News24 Wire
Wire Service
2 minute read
11 Nov 2019
5:38 pm

Tributes pour in for poet, activist Sandile Dikeni

News24 Wire

He was described as 'somebody who was able to reflect the mood of the nation in poetry in a way very few people could'.

Sandile Dikeni. Image: Twitter

Tributes are still coming in for renowned South African writer, activist and poet Sandile Dikeni, who died over the weekend.

The South African National Editors’ Forum (Sanef) has sent its condolences to the family, friends and political struggle compatriots of Dikeni.

Dikeni was 53.

According to the forum, his sister, who hails from the Karoo hamlet of Victoria West, confirmed he died on Saturday after “an on-off battle with TB”.

“The news of his untimely death has shocked many in the media fraternity as it has taken place soon after the burial of seasoned broadcaster Xolani Gwala this weekend,” the forum said.

Dikeni was appointed as the arts editor of the Cape Times and editor of Die Suid-Afrikaan.

He was also This Day SA’s political editor and once served as the spokesperson for the housing minister.

Dikeni studied law at the universities of Witwatersrand and the Western Cape, where he was on the student representative council.

He later graduated with a National Diploma in Journalism at the then Peninsula Technikon, now the Cape Peninsula University of Technology.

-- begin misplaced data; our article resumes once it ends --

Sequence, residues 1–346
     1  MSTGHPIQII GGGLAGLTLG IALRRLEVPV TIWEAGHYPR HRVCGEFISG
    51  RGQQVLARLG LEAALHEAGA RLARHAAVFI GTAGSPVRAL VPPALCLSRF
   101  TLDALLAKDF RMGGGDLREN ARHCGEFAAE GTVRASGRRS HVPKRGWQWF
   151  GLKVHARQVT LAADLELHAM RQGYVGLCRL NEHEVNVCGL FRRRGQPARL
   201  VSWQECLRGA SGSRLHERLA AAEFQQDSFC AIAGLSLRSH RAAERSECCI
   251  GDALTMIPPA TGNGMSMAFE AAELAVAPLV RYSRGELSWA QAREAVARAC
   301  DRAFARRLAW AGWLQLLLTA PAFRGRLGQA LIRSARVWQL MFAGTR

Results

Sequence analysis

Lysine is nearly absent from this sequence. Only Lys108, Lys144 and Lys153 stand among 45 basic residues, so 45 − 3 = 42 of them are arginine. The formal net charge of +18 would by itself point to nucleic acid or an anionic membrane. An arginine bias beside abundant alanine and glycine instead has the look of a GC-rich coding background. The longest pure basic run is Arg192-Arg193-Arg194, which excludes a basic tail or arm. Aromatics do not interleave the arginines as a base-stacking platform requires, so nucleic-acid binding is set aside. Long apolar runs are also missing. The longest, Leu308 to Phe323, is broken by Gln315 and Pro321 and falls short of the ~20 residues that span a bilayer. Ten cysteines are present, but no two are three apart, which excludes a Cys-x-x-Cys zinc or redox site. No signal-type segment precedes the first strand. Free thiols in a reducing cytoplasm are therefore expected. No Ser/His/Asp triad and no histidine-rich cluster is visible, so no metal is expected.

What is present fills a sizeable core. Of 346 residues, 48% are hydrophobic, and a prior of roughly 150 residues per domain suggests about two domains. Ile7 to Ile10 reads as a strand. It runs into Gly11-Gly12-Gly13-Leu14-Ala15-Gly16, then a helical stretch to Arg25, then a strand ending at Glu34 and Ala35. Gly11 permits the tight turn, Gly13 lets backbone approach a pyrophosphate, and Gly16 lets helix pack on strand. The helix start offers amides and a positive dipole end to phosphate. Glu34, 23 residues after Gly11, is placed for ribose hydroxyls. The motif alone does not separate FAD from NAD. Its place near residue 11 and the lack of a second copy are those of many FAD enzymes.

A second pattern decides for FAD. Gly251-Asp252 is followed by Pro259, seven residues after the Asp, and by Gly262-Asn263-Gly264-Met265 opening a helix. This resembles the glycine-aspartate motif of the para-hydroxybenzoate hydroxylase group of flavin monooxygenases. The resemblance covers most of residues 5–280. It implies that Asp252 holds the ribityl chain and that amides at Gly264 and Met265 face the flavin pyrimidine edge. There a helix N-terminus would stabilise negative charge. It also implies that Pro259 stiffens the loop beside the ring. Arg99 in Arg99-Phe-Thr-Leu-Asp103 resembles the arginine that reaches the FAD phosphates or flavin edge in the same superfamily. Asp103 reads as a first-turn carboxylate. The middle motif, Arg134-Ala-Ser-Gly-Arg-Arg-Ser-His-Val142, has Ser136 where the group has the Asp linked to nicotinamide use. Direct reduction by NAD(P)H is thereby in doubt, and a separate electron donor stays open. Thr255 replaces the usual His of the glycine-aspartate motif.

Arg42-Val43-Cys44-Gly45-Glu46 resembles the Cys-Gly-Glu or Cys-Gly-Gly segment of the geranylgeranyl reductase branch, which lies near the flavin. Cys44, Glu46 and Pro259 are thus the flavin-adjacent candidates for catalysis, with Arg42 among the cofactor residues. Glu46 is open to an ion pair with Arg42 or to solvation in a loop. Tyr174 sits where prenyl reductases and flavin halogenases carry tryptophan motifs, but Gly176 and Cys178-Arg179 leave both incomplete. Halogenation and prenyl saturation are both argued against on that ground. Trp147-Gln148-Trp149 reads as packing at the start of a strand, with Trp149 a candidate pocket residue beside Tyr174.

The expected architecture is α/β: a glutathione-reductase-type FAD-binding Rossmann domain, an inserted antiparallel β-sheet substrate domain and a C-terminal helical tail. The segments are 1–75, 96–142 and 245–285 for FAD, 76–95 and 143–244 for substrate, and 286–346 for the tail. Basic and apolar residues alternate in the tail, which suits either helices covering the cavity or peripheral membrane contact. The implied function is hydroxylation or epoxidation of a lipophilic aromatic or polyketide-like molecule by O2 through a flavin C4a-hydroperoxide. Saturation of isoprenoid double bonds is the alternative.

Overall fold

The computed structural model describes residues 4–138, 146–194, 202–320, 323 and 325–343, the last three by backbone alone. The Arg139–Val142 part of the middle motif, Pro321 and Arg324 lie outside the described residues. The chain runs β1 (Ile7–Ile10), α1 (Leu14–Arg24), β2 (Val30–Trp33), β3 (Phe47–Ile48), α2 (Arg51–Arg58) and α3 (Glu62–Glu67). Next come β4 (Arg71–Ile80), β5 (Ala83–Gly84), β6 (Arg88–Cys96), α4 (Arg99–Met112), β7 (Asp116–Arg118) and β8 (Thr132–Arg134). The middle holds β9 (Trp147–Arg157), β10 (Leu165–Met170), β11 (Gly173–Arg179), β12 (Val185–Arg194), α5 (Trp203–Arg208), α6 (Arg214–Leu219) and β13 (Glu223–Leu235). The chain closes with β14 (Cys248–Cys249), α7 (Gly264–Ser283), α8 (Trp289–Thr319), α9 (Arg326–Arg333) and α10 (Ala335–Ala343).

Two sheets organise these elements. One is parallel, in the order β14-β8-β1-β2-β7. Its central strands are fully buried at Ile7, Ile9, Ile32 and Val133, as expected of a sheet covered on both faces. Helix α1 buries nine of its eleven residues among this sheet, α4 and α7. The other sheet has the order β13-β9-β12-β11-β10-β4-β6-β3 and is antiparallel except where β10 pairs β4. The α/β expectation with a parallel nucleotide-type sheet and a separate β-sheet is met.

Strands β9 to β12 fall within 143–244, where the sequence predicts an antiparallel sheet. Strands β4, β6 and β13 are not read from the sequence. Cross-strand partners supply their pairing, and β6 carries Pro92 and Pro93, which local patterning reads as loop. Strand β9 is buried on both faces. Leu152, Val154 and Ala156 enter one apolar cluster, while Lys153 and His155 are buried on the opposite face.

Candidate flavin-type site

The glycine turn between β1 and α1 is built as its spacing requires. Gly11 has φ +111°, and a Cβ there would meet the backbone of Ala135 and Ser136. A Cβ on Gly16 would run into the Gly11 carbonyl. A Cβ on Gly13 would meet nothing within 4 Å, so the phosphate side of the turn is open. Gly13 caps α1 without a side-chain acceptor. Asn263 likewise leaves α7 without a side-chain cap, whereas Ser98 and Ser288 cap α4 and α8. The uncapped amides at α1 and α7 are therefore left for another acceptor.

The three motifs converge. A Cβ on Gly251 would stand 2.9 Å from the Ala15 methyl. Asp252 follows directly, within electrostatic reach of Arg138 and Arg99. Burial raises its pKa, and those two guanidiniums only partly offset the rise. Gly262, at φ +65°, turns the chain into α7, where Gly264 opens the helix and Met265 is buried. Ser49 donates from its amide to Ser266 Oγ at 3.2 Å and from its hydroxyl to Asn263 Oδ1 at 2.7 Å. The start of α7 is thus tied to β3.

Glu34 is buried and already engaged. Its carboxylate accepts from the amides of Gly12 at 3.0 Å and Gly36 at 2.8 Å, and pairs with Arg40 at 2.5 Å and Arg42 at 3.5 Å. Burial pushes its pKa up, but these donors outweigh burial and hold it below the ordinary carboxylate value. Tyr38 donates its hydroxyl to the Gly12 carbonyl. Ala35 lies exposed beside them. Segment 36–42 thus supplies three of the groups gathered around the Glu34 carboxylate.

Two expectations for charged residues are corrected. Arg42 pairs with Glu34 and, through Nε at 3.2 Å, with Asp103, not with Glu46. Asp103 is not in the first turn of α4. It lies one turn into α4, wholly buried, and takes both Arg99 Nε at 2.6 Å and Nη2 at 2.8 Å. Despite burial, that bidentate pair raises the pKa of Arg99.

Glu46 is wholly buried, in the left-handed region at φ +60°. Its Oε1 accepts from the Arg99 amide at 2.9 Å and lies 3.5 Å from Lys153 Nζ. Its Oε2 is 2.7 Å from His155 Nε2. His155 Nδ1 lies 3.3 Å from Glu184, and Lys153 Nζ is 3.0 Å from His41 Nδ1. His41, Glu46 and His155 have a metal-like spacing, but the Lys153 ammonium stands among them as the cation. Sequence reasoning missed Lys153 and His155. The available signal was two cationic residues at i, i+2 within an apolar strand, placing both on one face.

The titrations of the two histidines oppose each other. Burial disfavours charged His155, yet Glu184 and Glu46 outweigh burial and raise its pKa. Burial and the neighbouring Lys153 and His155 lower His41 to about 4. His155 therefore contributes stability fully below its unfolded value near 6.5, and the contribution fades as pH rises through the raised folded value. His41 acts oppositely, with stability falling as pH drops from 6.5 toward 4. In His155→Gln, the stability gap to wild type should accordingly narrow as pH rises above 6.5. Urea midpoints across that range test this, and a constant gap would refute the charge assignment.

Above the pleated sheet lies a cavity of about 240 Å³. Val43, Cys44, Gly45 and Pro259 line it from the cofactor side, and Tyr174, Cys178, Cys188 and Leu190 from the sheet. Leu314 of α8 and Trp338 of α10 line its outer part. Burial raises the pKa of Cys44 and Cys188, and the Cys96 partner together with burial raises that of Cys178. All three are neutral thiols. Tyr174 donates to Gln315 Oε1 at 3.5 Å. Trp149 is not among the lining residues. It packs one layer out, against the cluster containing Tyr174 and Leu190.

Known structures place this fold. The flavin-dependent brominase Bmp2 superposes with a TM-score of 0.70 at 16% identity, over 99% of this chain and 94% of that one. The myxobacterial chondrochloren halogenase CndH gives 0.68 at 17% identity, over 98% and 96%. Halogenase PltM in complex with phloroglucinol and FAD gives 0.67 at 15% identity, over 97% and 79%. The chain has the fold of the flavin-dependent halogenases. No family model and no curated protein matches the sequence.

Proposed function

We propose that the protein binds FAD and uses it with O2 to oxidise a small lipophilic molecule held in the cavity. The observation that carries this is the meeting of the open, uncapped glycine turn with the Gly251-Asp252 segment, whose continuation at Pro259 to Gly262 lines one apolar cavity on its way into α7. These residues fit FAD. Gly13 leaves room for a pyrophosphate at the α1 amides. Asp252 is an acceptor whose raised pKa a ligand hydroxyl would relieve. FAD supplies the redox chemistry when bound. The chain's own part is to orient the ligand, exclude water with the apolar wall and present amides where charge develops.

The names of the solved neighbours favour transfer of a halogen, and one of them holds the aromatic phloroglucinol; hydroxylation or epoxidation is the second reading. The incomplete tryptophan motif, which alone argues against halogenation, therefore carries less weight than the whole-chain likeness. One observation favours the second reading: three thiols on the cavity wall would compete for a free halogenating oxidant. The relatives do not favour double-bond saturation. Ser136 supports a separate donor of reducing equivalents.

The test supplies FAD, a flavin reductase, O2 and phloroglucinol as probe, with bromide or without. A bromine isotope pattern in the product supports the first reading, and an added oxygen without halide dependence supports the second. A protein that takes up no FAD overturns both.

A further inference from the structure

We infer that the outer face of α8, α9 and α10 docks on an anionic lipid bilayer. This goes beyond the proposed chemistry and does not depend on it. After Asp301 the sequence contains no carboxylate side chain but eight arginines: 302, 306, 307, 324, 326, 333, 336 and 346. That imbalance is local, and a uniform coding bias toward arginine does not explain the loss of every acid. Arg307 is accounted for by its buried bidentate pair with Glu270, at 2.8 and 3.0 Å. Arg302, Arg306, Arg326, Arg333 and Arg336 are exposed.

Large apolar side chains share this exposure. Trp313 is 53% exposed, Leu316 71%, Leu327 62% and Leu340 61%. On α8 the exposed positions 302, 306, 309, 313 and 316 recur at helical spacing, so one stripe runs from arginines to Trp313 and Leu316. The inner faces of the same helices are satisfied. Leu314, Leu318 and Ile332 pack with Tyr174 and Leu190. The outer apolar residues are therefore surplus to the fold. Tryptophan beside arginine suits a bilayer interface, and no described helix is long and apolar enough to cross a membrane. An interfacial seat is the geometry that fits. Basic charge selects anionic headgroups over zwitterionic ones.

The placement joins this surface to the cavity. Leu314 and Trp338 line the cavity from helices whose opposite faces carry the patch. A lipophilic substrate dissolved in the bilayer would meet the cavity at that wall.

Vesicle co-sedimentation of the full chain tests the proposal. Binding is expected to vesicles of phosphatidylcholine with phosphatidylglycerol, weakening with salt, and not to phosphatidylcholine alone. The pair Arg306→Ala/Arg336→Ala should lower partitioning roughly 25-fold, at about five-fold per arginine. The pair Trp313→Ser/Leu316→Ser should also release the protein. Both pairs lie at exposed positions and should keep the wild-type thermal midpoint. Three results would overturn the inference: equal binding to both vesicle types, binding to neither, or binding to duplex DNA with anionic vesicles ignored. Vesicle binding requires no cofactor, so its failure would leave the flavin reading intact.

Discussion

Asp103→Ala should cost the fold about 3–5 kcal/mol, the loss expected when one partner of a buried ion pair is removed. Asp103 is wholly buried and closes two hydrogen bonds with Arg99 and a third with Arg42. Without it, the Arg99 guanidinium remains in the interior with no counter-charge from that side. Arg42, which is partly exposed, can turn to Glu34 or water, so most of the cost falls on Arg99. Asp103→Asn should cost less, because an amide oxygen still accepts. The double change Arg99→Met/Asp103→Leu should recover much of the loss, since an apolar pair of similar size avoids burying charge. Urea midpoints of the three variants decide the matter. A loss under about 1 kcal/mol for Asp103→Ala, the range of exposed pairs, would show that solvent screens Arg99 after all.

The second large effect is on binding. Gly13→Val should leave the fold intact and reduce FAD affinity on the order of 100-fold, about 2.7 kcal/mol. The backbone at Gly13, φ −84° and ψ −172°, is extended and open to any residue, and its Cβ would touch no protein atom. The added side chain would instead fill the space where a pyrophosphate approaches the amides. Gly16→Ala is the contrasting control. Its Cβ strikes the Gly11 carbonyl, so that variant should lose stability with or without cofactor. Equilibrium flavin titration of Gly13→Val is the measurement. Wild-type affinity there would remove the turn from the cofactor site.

“He will be sorely missed,” Sanef said.

Meanwhile, Ryland Fisher, the former Cape Times editor who knew Dikeni since the 1980s, described him as “somebody who was able to reflect the mood of the nation in poetry in a way very few people could”.

“He was an amazing poet, but also a truly remarkable human being.”

Fisher said Dikeni was unique in his expression of words and art. He had appointed Dikeni as the newspaper’s arts and lifestyle editor, describing him as a talented artist and leader, News24 reported.

He added when he appointed Dikeni, there was controversy in the newsroom.

“It caused a huge outrage and uproar. We have to remember that during that time, there were 90% white people in the newsroom. He was not only a journalist, but a poet as well.”

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